In a recent blog post, I argued that the problem of searching for a single, easy-to-implement patient engagement tactic goes beyond the fact that one doesn’t exist. Believing that a simple silver bullet strategy is out there actually stymies continuous improvement, innovation and effective implementation.
So if there is no single silver bullet, one might reasonably jump to the conclusion that a shotgun approach – implementing multiple solutions simultaneously – would produce better results. But that strategy has real flaws, as well. When I was working closely with the Experience Team at Ascension Health several years ago, we termed it “initiative fatigue.” In other words, teams were trying to launch and sustain so many different initiatives to improve care that they lost focus. It felt like the old Ed Sullivan Show act where the juggler tried to keep all the plates spinning without one crashing to the floor.
At the recent National Healthcare CXO Summit in Orlando, Rebecca Zuccarelli, MPH, senior vice president and patient experience officer for Tampa General Hospital, described a prudent strategy that provides both focus and the depth needed for patient engagement work to be successful. Her team selected one evidence-based, high-potential strategy to pursue with gusto: leader rounding on patients.
So how is their approach different than expecting leader rounding to be a silver bullet? Three characteristics of their plan made the difference.
First, patient rounding was introduced in a very structured, deliberate way to produce optimal results. Expectations for leaders throughout the organization were clear, both in terms of schedule and how patient rounding would be conducted. The team introduced rounding in a thoughtful, sustainable way rather than simply sending everyone out to talk to patients.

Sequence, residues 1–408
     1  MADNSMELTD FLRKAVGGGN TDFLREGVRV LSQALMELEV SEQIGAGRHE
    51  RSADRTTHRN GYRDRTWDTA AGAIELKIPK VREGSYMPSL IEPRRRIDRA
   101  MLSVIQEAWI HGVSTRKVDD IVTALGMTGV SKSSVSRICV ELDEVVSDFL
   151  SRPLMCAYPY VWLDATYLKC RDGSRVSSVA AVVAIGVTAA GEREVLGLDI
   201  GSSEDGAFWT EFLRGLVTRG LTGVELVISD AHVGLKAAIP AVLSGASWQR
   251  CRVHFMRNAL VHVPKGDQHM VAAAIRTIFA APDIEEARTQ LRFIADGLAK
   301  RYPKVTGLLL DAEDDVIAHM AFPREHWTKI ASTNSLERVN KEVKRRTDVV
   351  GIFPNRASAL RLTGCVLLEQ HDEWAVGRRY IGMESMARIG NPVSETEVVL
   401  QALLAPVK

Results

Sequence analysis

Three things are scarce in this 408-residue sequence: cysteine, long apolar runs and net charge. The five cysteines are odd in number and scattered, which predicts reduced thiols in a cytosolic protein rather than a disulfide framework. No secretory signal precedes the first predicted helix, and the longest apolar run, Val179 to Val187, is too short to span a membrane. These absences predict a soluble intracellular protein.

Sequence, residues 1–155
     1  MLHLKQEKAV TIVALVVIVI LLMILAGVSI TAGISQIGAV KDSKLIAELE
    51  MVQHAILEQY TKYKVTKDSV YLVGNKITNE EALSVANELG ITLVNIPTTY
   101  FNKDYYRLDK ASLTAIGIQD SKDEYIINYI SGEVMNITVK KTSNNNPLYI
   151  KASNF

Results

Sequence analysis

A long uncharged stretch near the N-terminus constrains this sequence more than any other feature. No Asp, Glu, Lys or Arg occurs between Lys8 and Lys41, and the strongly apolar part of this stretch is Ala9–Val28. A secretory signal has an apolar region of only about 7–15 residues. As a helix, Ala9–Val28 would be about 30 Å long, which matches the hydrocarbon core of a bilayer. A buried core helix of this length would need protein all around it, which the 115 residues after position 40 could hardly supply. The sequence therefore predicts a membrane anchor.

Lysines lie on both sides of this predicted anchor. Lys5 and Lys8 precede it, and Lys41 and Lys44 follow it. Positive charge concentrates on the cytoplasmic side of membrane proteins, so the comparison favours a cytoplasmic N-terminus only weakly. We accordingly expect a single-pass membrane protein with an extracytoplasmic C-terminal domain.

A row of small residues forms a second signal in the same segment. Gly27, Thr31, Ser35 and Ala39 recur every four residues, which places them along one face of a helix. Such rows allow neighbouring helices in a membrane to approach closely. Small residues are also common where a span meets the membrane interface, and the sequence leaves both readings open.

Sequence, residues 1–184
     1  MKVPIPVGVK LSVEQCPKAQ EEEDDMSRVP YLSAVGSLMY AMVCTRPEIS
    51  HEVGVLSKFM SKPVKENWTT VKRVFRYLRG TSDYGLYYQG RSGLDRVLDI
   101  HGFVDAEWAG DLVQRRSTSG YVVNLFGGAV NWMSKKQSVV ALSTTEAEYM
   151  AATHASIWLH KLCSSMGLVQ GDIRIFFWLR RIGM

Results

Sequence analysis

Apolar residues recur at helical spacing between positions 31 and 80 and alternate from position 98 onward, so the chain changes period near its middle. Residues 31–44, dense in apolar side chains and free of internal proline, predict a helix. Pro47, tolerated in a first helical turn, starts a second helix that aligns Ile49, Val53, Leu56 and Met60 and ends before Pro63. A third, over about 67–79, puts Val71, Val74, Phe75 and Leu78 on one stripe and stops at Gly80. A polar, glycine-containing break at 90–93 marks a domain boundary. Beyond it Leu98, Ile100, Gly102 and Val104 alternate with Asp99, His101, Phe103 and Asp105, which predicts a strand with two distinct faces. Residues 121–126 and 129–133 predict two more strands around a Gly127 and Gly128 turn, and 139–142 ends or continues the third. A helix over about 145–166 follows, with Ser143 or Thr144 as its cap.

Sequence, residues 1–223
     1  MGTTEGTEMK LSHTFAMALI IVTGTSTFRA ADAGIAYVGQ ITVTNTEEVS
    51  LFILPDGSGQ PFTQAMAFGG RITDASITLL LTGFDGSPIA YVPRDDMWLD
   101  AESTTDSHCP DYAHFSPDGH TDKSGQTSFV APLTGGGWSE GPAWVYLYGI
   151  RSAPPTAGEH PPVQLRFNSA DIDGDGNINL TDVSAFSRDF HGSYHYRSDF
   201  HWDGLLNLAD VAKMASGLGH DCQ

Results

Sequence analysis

Second, while talking with patients consistently was at the heart of the strategy, it connected in important ways to other, far-reaching performance improvement strategies. Conversations with patients was an important means to a greater end: identifying opportunities for improvement and pursing them.
Finally, rounding on patients gave leaders an opportunity to model the behaviors and practices they expected from their team to drive better patient engagement. Conversations with patients provide leaders with critical insights that help them have more productive conversations with their staffs, offering both positive reinforcement as well as constructive criticism.
Pursing too many shotgun strategies can be as dangerous as counting on one silver bullet to improve patient engagement. The most successful teams understand the power of focus and implementing evidence-based strategies in a consistent, comprehensive, sustainable way to achieve superior outcomes.
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